As for disclosure, I should say that this session was clearly not done as a blind tasting. However, after finishing the jug my vision was quite impaired for a good 2-3 hours. Be aware, that this wine is a headache in a jug. But since it is most likely to be consumed along with large quantities of other alcohols, the headache is pretty much inevitable anyway, isn’t it?
Kidding aside, I certainly see the appeal of Carlo Rossi Paisano wine. It is tasty and cheap and packaged very handsomely. But more importantly it speaks of what wine used to taste like, perhaps should taste like. For millennia, wine was simple, fruity and likely sweet. It is true to the terroir of those expansive flat vineyards baking in California sun. It is true too to the humble nature and generosity of the Paisano’s who used to drink it. To all of you reading this that are serious about wine – do yourself a favor, drop a fiver and buy yourself a jug. Sit on the porch with some friends and raise a glass to what wine once was and what it once meant.
As an aside, I did actually have some excess wine leftover, go figure. Since I was making pan-grilled chicken breast for dinner, I tried out the Carlo Rossi in a reduction sauce. The result was surprisingly good so I thought I would share the preparation. Another tip for left-over wine is to freeze it in ice-cube trays. Store the cubes in a zip-bag and you have ready-to-go cooking wine. (Also you can put toothpicks in each cube and make little Popsicles – the kids will love them!)
This basic recipe works as a simple pan-sauce with or without wine for nearly any type of pan-grilled meat. For beef I like to season the sauce with thyme or rosemary. With chicken or fish, white wine and tarragon or thyme is great. With pork, either red or white wine can be used and nearly any herb.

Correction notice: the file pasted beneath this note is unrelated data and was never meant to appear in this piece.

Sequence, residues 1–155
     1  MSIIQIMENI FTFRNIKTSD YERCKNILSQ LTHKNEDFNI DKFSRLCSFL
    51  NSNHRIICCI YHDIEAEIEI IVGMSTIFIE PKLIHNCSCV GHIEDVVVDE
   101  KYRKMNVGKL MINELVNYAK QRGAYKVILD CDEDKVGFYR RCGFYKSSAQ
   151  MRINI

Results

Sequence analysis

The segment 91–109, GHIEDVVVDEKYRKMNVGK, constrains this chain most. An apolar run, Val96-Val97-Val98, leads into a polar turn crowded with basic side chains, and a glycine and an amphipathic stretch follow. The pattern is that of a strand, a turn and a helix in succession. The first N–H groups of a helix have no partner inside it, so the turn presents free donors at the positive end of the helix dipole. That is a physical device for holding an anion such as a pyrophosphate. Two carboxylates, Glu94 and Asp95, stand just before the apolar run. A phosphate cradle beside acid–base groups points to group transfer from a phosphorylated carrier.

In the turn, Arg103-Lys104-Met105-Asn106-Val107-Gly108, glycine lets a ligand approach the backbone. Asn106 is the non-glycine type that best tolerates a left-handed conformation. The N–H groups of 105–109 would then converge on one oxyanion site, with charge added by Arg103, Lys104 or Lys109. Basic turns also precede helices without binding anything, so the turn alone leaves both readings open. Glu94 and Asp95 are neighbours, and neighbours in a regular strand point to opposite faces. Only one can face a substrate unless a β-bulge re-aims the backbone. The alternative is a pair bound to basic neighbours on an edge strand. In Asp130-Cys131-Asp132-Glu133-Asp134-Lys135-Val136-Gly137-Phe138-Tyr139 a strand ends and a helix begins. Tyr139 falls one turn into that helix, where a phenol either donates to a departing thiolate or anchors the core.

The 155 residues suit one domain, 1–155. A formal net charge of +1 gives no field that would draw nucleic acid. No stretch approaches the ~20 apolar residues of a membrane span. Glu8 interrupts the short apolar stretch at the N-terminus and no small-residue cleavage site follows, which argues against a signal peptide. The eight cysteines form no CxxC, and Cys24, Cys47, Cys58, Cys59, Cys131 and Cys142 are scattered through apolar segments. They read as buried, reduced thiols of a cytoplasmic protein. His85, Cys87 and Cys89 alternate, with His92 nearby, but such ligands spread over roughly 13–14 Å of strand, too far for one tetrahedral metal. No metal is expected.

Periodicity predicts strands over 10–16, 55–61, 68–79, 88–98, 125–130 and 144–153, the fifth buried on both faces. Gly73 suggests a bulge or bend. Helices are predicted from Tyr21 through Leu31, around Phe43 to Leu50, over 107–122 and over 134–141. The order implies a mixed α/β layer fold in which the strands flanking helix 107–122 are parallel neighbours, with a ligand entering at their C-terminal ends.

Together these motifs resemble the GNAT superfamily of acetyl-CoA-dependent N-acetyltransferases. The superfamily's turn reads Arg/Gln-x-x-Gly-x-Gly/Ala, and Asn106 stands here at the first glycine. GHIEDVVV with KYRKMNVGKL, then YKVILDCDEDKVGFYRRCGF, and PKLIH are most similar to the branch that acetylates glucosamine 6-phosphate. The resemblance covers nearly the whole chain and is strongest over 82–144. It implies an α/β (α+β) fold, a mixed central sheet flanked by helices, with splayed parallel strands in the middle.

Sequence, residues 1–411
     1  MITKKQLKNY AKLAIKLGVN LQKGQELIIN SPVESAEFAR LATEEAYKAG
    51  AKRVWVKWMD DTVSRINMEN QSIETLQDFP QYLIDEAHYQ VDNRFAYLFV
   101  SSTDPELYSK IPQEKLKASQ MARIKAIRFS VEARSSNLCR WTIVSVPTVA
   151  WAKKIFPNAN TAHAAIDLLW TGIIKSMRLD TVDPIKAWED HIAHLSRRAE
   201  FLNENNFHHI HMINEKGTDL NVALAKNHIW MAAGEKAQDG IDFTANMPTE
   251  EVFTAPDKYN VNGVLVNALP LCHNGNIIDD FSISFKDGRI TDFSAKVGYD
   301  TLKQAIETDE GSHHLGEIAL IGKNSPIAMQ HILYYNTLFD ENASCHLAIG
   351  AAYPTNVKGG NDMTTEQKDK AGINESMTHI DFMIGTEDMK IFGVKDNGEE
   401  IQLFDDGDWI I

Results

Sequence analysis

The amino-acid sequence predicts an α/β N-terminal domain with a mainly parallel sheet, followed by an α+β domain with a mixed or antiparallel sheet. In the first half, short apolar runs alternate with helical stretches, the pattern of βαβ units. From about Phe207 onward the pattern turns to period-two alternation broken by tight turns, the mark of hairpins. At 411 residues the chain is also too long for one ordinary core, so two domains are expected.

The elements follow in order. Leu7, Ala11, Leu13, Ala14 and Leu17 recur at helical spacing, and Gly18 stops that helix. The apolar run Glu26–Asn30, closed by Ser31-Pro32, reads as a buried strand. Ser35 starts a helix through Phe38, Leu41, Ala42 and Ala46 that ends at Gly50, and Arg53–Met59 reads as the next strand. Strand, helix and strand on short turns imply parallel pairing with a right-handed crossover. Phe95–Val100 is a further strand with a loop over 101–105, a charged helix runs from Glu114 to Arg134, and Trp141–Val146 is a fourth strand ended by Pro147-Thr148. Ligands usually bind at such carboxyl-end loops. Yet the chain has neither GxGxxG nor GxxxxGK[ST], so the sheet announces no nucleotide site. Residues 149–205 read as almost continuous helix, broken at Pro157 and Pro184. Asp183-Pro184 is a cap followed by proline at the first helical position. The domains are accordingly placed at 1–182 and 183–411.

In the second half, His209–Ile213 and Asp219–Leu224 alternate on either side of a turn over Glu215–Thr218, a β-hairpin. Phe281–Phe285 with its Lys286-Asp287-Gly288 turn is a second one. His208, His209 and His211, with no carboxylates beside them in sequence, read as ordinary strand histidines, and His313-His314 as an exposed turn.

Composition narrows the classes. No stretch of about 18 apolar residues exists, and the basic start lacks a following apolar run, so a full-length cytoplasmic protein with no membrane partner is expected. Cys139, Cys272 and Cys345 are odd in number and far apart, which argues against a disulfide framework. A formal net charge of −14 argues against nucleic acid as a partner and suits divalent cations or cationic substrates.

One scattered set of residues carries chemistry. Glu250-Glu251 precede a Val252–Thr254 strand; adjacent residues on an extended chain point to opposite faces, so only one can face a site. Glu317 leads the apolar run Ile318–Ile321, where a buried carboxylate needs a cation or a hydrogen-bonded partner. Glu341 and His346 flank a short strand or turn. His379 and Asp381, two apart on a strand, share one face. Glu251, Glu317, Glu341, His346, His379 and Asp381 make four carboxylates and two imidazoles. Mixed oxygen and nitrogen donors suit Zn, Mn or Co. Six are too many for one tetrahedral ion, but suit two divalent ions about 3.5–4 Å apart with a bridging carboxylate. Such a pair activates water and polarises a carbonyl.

A lighter version of the sauce can be prepared with no butter, instead adding small amounts of cornstarch (mixed first with cold water) to thicken the sauce. For this lighter version, it is not necessary to reduce the sauce as much in step two.
Red Wine Reduction Pan-Sauce
Makes about 1/2 Cup – Enough for 2
|olive oil as necessary|
|1||small shallot (or white onion) diced fine|
|1/2||cup Carlo Rossi Paisano Red Wine (or any 100% Grape Wine)|
|1/2||cup low-sodium chicken broth|
|1||teaspoon whole grain mustard|
|1||tablespoon minced fresh thyme (or other herb)|
|2||tablespoons very cold unsalted butter|
|salt and pepper as necessary|
- Loosely tent cooked meat on a plate with aluminum foil. In the same pan used to cook the meat, add olive oil to remaining fat in the pan to an equivalent of 1 tablespoon. Over medium heat, saute shallots until soft, ~2 mins. Add wine and scrape the browned fond from the bottom of the pan. Reduce until just becoming thick, adjusting heat as necessary to maintain a low simmer, ~3-5 mins.
- Add chicken broth, mustard and herbs and continue to simmer until slightly thick, able to coat a spoon, ~5 mins. Off heat, add cold butter small piece by piece and stir to mix. Sauce should take on a velvety consistency with more butter giving better results. Add salt and pepper to taste.